Catharine Hart Great Listeners Interview

Catharine Hart Great Listeners Interview

Women are known to be great listeners – but don't always 'listen' to themselves.

Hearing Australia is urging women of all ages to celebrate the sounds they love by taking time out to think about their hearing health during this year's Women's Health Week (2-6 September).

"Hearing is an important part of life that helps keep people connected to the people and places they love," says Catherine Hart, an audiologist at Hearing Australia. "Good hearing plays a significant role in helping people stay active, happy and involved in the world around them."Hearing Australia is urging women of all ages to celebrate the sounds they love by taking time out to think about their hearing health during this year's Women's Health Week (2-6 September).

"Hearing is an important part of life that helps keep people connected to the people and places they love," says Catherine Hart, an audiologist at Hearing Australia. "Good hearing plays a significant role in helping people stay active, happy and involved in the world around them."

The topic is not often on most women's agenda, but now, Hearing Australia is encouraging women to put their health first and make positive changes to last a lifetime. This includes taking care of their hearing health. According to Deloitte Access Economics, the increase in hearing loss prevalence among Australian women is projected to rise to 23.5% in 2060.

Women's Health Week focuses on the fact that if women invest more time in themselves, they are likely to be happier and healthier. And that's great news for them and their loved ones. Women are typically the primary care givers in their families and communities, with Australian women more likely to provide care in all age groups between the ages of 18-74. In the 15-64 years age group 72.5 % of primary carers are women.

Hearing Australia is inviting women across the nation to take a free* hearing check to invest in their hearing health. The Hearing Australia team is on hand to guide women through what their next steps may be to help them rediscover the sounds they love. Sometimes people might need support hearing the television at a volume comfortable for others, hearing at noisy social events, or hearing friends and family on the phone.

"The sooner you can address hearing loss the better," adds Catherine. "We encourage people to consider a hearing check as part of their regular good health programme, like attending a fitness class, testing their blood pressure or visiting the dentist. There are also a number of proactive steps you can take to make sure your hearing stays in great shape."

Interview with Catharine Hart, Leading Audiologist

Question: Why should women put their hearing health back on their to-do list?

Catharine Hart: We know that women are great at taking care of others, so this Women's Health Week, we want to remind women to prioritise their own wellbeing. And since women are typically the primary care givers in their families and communities, Hearing Australia encourages women to really listen to their own health needs and not just for those they care for in their lives. Australian women more likely to provide care in all age groups between the ages of 18-74. In the 15-64 years age group 72.5% of primary carers are women so this is really a timely reminder for all women around the country to look after their own hearing health.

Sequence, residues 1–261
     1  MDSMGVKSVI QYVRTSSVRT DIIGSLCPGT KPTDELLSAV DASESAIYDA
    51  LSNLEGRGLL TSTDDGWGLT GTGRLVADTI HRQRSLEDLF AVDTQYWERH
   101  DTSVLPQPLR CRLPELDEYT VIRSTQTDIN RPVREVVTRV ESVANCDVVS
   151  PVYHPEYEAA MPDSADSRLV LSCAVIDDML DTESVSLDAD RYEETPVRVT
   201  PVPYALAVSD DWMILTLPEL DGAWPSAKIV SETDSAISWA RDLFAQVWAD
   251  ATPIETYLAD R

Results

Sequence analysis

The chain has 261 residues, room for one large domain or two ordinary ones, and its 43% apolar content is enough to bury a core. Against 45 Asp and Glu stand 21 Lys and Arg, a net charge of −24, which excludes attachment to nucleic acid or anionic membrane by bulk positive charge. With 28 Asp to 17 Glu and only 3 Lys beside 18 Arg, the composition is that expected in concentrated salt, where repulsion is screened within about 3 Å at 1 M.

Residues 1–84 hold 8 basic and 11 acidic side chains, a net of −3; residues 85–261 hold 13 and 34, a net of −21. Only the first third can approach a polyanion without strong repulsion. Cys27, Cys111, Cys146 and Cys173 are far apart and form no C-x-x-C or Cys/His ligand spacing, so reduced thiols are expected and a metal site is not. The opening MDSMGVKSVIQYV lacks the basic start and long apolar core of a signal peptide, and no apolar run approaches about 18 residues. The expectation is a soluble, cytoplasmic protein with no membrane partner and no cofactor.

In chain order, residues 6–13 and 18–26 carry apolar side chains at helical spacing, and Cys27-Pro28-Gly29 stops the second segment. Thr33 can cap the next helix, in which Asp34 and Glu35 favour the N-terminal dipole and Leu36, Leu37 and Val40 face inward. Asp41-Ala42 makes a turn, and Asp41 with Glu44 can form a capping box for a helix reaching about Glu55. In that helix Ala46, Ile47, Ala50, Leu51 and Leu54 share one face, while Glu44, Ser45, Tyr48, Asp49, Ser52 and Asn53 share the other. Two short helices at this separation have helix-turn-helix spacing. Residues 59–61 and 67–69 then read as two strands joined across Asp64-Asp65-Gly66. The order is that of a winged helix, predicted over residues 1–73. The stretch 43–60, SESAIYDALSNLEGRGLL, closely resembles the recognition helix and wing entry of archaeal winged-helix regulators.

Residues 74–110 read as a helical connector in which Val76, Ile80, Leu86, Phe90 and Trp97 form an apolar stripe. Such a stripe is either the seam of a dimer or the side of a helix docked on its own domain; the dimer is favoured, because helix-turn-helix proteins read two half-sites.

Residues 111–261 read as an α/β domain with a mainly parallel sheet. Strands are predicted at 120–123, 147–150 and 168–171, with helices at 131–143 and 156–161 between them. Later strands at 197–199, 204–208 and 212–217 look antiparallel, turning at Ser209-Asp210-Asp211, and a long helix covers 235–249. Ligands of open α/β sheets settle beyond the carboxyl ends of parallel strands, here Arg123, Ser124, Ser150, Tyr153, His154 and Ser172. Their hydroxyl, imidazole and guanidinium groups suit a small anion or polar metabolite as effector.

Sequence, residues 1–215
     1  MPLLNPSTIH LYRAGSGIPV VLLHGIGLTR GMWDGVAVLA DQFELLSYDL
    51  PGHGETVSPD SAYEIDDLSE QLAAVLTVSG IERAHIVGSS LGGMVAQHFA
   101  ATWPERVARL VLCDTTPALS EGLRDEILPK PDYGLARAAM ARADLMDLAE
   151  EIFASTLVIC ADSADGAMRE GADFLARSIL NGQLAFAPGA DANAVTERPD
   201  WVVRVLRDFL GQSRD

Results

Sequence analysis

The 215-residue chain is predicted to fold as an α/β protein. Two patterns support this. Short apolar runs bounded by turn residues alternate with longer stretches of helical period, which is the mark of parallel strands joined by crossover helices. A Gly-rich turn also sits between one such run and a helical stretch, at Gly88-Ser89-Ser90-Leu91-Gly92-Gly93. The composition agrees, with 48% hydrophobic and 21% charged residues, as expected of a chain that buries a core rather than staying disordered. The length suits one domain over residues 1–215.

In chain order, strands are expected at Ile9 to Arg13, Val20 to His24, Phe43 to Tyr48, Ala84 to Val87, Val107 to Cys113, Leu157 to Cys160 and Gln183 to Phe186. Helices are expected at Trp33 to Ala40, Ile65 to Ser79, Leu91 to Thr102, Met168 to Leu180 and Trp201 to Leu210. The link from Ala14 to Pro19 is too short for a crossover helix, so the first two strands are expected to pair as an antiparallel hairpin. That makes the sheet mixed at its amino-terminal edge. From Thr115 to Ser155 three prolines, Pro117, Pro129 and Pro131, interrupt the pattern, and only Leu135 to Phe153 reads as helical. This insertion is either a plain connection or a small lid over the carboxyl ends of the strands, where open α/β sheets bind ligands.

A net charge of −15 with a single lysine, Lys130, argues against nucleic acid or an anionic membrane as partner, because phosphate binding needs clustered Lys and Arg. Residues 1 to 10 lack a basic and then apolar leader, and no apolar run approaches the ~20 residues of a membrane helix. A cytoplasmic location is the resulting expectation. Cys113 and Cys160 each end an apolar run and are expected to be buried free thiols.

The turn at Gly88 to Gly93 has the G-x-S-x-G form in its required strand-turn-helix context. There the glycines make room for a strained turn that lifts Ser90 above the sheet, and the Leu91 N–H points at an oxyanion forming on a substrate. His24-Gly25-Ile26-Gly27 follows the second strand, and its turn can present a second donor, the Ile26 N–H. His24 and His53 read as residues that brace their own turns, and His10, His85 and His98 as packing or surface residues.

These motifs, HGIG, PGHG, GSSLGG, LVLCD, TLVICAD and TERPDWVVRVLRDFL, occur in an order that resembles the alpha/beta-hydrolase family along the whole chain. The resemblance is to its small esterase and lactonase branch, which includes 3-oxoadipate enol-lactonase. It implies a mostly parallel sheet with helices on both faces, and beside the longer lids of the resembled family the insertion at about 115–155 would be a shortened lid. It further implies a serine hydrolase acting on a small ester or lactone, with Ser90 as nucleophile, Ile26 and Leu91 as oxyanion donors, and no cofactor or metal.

Question: What are the most common hearing health concerns of Australian women?

Catharine Hart: Many women start to experience difficulty hearing in background noise as they get older and this can interfere with relationships with family and friends. Some women may also experience ringing or buzzing type noises in their ears (tinnitus), especially after going to a loud concert or show, or listening carefully in a quiet room.


Question: Why symptoms are associated with these hearing issues?

Catharine Hart: Women may start to notice that they have to move to a quieter place in order to understand the person speaking with them. They may have more difficulty understanding children speaking with their fast, quiet speech and also people with strong accents. Women may start to avoid noisy places and situations like parties and events, which can then make them feel isolated and miss out on activities that they used to enjoy.


Question: Can you share your top tips to help prevent hearing loss?

Catharine Hart: Hearing Australia recommends three ways to help prevent hearing loss for women:

Hands up for headphones
If you use headphones to listen to music when you're out for a run or a walk, be mindful of the volume level – keep it below 80% of full volume and limit your listening time to no more than 1.5 hours per day.
It's also a good idea to invest in a pair of good quality, well-fitting, noise-cancelling earbuds or headphones. Not only will you appreciate the sound quality, you'll find you won't have to turn up the volume to listen to your favourite tracks to drown out the sound of passing traffic.

2. Reduce your risk
Increasing your distance from the sound source is one of the easiest ways to reduce your risk of excessive noise exposure. For example, if you're in a gym class with loud music, check where the speakers are and find a spot that's further away. Even better, have a chat with your instructor and request a lower volume - there's a good chance that others in the class are thinking the same thing!

3. Hearing protection
Sometimes it's not possible to avoid loud sound, such as when you're riding a scooter, using a leaf blower, or if you're at a loud music concert. In cases like these, be sure to use hearing protection. There are lots of different types suited to different situations.


Interview by Brooke Hunter
Photo by Liesl Leonard on Unsplash




MORE